Tired of the insolent remarks, defiant stares and angry outbursts? Believe it or not, there may be a simple fix for your grouchy teen.
Sleep is for the weak — so they say. We live in a ‘time macho’ society where our corporate culture looks favourably upon employees that work longer hours and are always plugged in and reachable. It’s really a no-brainer why our teens boast about their all-nighters and are glued to the screen 24/7.
I began to worry about the kind of impact a lack of sleep was having on my two older boys and their cognitive, mental and physical health. Could a lack of sleep be partly to blame for their erratic flashes of disrespect towards me? Let’s just say that I knew how irritable I could be when I didn’t get a proper night’s rest.
Screens and sleep
Turns out my worrying wasn’t so unwarranted. The countless hours my son was spending in front of the gaming console was directly impacting his ability to get a good night’s sleep.
Founder of the Huffington Post and professional napper, Arianna Huffington, published an insightful article not too long ago that not only detailed her own frightening wake up call but also shed light on a study that prove screens and sleep were natural enemies. It had been scientifically proven that the light from screens was obstructing my son’s natural body clock and sleep cycle.
Sleep and stress
So what? It’s only sleep, right? Wrong. I admire Arianna’s commitment to changing our attitudes towards sleep. I agree with her that it feels as though a lack of sleep has sadly become some sort of a virility symbol. Quite the opposite, actually. We need to start looking at sleep differently. Sleep isn’t just sleep. Sleep has the power to improve our careers, marriages, relationships with our children – virtually every domain of our lives.
… but sleep equally has the power to diminish us. I started to pay attention to how I felt when I didn’t get my beauty sleep. I was constantly on edge and felt absolutely awful. That’s because a lack of sleep is directly linked to stress… and what do we do when we’re feeling stressed? We lash out more often than usual. We say things we don’t mean and regret it later. That explained my son’s constant moodiness towards me. I quickly learned not to take everything so personally.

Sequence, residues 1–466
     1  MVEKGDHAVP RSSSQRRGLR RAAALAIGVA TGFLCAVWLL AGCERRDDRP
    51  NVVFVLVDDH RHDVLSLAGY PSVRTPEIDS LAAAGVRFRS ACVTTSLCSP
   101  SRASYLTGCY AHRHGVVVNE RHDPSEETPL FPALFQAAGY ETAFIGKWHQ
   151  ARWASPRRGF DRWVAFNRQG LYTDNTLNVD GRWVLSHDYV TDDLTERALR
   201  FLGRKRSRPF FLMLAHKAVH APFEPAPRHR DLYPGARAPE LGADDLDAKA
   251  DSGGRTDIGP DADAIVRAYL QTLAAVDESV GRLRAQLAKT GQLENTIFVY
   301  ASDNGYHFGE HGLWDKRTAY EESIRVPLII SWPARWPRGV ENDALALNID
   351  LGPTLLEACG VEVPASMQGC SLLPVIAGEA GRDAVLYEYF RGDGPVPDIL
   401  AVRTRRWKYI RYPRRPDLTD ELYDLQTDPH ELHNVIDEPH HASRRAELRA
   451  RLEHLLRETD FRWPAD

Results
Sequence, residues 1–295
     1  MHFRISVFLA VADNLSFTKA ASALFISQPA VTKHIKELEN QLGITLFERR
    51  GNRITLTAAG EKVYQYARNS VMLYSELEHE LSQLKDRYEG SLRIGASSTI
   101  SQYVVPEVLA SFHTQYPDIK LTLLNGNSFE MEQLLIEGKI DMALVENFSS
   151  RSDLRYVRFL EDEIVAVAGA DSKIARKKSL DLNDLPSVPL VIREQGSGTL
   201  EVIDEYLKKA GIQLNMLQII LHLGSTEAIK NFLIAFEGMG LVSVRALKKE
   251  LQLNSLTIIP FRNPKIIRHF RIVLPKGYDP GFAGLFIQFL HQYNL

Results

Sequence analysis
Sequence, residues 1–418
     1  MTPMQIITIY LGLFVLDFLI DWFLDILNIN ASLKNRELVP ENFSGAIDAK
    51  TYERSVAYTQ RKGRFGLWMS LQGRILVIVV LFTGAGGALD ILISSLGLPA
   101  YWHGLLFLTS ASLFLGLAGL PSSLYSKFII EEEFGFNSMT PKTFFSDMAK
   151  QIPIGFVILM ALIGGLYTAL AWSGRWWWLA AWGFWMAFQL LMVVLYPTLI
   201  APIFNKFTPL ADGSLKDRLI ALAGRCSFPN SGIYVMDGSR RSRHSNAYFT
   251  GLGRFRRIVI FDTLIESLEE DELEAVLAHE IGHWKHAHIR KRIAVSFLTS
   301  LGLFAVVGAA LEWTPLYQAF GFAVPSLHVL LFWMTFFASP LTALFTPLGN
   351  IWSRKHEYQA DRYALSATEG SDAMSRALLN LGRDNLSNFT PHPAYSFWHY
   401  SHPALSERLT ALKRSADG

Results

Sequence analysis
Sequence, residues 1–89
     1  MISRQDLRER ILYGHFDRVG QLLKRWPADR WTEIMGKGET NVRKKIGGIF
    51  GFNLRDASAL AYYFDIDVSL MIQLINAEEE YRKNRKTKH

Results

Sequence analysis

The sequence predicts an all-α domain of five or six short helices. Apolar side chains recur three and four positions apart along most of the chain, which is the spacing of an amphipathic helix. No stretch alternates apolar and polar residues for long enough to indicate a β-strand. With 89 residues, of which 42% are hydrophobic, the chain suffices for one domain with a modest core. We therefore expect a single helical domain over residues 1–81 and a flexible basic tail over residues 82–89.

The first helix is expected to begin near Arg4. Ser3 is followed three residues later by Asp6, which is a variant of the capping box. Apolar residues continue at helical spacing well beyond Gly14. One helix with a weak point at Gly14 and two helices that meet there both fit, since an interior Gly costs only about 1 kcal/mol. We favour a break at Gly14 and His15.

Changing the curriculum
An independent school in the UK, Hampton Court House has actually gone so far as to reduce teen stress and maximize productivity by allowing teenagers’ sleep patterns to lead the curriculum.
‘I want to wake up in my bed, not in my maths lesson.’ says 15-year old Gabriel Purcell-Davis.
Could the solution to teen grumpiness then be to start lessons later on in the day vs. the traditional 9AM start? Would this increase productivity and decrease stress amongst my teenage boys? Or would it only encourage them to stay up later in front of the screen, knowing that they didn’t have to be at school until after 1:30PM? And would ending the school day at 7PM leave them any time for physical activity?
The Power of Power Naps
Maybe there was a simpler alternative to teen grumpiness. I had already taken the necessary steps to limit screen time in my home , but what more could I do to ensure my teens were getting the necessary amount of shut eye? Arianna also advocates short naps, known as power naps — and there’s a reason they’re called that. They help to revive us. Even when my teens weren’t getting the recommended seven or eight hours of sleep, power naps would help to perk them back up so I was no longer on the receiving end of their bad moods.
I wasn’t so sure myself about HCH’s decision, but do encourage everyone to share their thoughts. What do you think about a later start time for schools? Do you encourage your kids to take power naps? Perhaps you’ve got a few of your own tricks up your sleeve to make sure your teens are catching the right amount of Zzz? Share them with us in the comments below!